Emotional Effects on Factors Associated with Chronic Low Back Pain
Authors Ouchi K, Watanabe M, Tomiyama C, Nikaido T, Oh Z, Hirano T, Akazawa K, Mandai N
Received 14 July 2019
Accepted for publication 22 November 2019
Published 17 December 2019 Volume 2019:12 Pages 3343—3353
Checked for plagiarism Yes
Review by Single anonymous peer review
Peer reviewer comments 2
Editor who approved publication: Dr Michael Schatman
Koichi Ouchi,1 Mayumi Watanabe,2–4 Chikako Tomiyama,5 Takuya Nikaido,6 Zaigen Oh,2 Toru Hirano,7 Kohei Akazawa,1 Nozomu Mandai3
1Department of Medical Informatics, Niigata University Medical and Dental Hospital, Niigata, Japan; 2Faculty of Health Sciences, Kansai University of Health Sciences, Osaka, Japan; 3Center for Humanities and Sciences, Ibaraki Prefectural University of Health Sciences, Ibaraki, Japan; 4Faculty of Science and Engineering, Chuo University, Tokyo, Japan; 5Graduate School of Health Sciences, Niigata University, Niigata, Japan; 6Department of Orthopaedic Surgery, Fukushima Medical University School of Medicine, Fukushima, Japan; 7Department of Orthopedic Surgery, Uonuma Institute of Community Medicine, Niigata University Medical and Dental Hospital, Niigata, Japan
Correspondence: Mayumi Watanabe
Faculty of Health Sciences, Kansai University of Health Sciences, 2-11-1 Wakaba, Kumatoricho, Sennan-gun, Osaka 590-0482, Japan
Purpose: Although chronic low back pain (CLBP) has profound effects on patients, society, and economy, its causes are difficult to identify. Psychogenic effects or social stress is known to affect CLBP; hence, investigation of its underlying causes requires a multifactorial approach. We determined the factors associated with CLBP by using an Internet-based survey. To prevent CLBP, we need to understand its cause and background.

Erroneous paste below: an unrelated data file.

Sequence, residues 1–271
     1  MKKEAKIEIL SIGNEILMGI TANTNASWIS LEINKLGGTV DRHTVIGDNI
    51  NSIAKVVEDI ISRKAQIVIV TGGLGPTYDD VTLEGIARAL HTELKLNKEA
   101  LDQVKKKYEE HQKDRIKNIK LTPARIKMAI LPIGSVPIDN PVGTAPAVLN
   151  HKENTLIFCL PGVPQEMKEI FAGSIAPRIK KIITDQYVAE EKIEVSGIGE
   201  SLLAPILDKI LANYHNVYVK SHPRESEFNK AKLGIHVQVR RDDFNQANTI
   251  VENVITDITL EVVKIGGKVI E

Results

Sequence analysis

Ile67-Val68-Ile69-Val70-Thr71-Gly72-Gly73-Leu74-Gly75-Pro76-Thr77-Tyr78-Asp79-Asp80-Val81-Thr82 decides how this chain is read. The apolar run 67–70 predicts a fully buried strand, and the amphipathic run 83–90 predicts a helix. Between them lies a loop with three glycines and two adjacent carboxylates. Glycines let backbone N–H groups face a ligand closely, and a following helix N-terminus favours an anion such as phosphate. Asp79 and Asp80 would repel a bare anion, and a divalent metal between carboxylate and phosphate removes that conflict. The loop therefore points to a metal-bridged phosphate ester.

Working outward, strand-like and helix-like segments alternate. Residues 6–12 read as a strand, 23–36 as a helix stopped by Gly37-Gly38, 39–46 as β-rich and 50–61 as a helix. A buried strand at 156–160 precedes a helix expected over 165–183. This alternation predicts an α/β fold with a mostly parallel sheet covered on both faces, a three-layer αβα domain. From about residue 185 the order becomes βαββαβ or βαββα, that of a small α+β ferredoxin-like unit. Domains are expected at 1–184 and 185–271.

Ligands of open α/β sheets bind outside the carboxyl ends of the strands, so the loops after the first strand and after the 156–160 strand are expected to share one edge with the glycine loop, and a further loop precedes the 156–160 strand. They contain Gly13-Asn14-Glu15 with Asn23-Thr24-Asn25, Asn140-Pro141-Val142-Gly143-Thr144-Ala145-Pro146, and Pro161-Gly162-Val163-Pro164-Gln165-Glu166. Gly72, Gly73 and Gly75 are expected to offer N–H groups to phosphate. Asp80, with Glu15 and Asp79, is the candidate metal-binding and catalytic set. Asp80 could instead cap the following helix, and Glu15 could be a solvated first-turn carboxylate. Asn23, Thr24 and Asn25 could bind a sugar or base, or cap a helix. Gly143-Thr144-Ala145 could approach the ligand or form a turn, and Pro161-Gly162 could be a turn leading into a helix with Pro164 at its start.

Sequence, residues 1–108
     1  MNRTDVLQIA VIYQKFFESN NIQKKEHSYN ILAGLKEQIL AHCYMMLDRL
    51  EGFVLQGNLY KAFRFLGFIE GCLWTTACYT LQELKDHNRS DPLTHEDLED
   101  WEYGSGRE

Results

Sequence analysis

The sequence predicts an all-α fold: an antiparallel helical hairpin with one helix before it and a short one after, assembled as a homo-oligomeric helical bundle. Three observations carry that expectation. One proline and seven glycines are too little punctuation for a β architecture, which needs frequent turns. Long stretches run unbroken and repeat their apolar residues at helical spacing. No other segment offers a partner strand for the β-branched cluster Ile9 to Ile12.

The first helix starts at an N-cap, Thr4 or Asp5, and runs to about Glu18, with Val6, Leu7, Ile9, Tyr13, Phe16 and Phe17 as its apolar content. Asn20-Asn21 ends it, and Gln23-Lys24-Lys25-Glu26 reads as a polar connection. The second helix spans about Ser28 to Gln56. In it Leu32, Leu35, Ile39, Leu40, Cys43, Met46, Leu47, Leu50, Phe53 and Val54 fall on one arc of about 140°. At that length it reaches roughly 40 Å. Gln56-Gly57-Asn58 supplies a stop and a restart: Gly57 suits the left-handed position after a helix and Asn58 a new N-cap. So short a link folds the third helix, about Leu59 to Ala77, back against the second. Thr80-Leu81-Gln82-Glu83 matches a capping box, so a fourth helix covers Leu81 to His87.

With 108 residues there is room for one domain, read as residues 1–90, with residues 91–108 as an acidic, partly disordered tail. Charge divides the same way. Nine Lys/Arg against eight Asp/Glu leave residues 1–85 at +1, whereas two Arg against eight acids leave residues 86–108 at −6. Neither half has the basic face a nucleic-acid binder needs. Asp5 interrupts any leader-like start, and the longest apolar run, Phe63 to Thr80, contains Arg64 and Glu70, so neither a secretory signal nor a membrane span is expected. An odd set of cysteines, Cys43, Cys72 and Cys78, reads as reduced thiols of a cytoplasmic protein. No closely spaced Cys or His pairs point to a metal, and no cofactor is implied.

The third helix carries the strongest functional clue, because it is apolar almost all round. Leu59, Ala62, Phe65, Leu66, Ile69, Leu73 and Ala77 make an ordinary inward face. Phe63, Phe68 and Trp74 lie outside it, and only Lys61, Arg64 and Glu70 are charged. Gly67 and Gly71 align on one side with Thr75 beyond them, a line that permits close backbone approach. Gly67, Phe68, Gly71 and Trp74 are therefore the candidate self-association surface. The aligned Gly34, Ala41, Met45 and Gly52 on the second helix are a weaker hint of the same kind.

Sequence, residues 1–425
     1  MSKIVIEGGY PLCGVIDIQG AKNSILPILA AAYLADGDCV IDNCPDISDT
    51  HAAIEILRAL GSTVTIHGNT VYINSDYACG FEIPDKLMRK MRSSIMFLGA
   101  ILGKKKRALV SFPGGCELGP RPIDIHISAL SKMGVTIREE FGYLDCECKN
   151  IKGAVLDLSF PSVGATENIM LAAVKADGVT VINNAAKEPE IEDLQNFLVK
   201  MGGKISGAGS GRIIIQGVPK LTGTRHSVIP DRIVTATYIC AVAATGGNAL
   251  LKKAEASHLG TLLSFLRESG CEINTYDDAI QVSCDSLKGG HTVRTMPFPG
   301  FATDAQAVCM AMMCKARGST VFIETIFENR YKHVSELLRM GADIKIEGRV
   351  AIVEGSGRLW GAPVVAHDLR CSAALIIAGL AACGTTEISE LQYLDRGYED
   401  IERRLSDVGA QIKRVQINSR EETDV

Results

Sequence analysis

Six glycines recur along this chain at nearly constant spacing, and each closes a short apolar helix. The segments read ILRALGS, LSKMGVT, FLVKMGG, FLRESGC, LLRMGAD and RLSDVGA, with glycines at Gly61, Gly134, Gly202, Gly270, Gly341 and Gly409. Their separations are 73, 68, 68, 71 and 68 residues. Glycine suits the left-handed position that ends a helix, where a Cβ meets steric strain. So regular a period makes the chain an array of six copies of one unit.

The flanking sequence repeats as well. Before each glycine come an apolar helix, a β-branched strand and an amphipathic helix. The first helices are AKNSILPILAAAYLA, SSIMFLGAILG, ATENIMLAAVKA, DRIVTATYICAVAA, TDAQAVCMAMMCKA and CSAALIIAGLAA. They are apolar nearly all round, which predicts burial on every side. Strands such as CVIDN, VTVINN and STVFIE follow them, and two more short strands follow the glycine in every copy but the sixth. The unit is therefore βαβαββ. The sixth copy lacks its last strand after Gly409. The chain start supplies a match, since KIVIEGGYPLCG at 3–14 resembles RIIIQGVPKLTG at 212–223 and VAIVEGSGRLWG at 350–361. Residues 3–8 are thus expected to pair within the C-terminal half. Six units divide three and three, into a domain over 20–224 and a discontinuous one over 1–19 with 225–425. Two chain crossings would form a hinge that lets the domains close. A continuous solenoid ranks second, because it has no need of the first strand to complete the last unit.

Patients and methods: A total of 1000 participants either with (+) or without (−) CLBP answered the Japanese Orthopaedic Association Back Pain Evaluation Questionnaire (JOABPEQ), which assesses five domains of CLBP: low back pain, lumbar function, walking ability, social life function and mental health. We also administered a new questionnaire for participants, that comprised five different domains: Body, Lifestyle, Emotion, Diet, and Social. To evaluate psychogenic effects on CLBP, we added two original factors, namely outshout and HIE, which have not yet been studied. HIE is a traditional concept (sense) of “feeling cold” or “chilly.” All participants completed both questionnaires.
Results: Multivariate logistic regression analysis extracted four factors (sleep, room temperature, outshout, and HIE) that were associated with CLBP. The mental health domain was assessed using the JOABPEQ for each of these factors. The factors outshout and HIE differed between CLBP (+) and CLBP (−) patients. CLBP (−) participants also showed a difference in Sleep and HIE factors.
Conclusion: Among psychogenic effects, Emotion was common to all the four extracted factors. There was no common physical divisor. Therefore, we hypothesized that acute low back pain might develop into CLBP in the presence of psychological stress or other emotional factors such as outshout or HIE. Hence, we need to consider both physical and psychogenic effects in the prevention and treatment of CLBP. Furthermore, appropriate evaluation and treatment of psychological stress may be effective in reducing CLBP.
Keywords: Japanese Orthopaedic Association Back Pain Evaluation Questionnaire, JOABPEQ, outshout, HIE, nonspecific low back pain
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